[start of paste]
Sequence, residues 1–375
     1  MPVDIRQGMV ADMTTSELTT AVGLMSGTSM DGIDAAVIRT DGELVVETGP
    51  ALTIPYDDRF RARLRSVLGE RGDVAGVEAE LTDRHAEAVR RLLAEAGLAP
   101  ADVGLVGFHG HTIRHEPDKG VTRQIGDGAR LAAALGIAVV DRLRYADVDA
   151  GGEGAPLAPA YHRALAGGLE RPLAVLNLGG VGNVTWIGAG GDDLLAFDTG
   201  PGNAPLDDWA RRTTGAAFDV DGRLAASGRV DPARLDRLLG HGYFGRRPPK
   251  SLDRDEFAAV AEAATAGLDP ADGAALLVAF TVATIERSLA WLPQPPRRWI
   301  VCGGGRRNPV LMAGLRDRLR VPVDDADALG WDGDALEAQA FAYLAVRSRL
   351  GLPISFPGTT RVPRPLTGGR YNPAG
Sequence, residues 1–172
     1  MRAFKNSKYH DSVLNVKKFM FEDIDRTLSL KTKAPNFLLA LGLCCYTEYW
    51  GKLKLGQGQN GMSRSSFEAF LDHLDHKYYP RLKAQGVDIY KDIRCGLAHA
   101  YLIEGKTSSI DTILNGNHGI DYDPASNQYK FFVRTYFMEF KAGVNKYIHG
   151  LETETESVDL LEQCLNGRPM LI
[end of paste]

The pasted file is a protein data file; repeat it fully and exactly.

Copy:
Sequence, residues 1–375
     1  MPVDIRQGMV ADMTTSELTT AVGLMSGTSM DGIDAAVIRT DGELVVETGP
    51  ALTIPYDDRF RARLRSVLGE RGDVAGVEAE LTDRHAEAVR RLLAEAGLAP
   101  ADVGLVGFHG HTIRHEPDKG VTRQIGDGAR LAAALGIAVV DRLRYADVDA
   151  GGEGAPLAPA YHRALAGGLE RPLAVLNLGG VGNVTWIGAG GDDLLAFDTG
   201  PGNAPLDDWA RRTTGAAFDV DGRLAASGRV DPARLDRLLG HGYFGRRPPK
   251  SLDRDEFAAV AEAATAGLDP ADGAALLVAF TVATIERSLA WLPQPPRRWI
   301  VCGGGRRNPV LMAGLRDRLR VPVDDADALG WDGDALEAQA FAYLAVRSRL
   351  GLPISFPGTT RVPRPLTGGR YNPAG
Sequence, residues 1–172
     1  MRAFKNSKYH DSVLNVKKFM FEDIDRTLSL KTKAPNFLLA LGLCCYTEYW
    51  GKLKLGQGQN GMSRSSFEAF LDHLDHKYYP RLKAQGVDIY KDIRCGLAHA
   101  YLIEGKTSSI DTILNGNHGI DYDPASNQYK FFVRTYFMEF KAGVNKYIHG
   151  LETETESVDL LEQCLNGRPM LI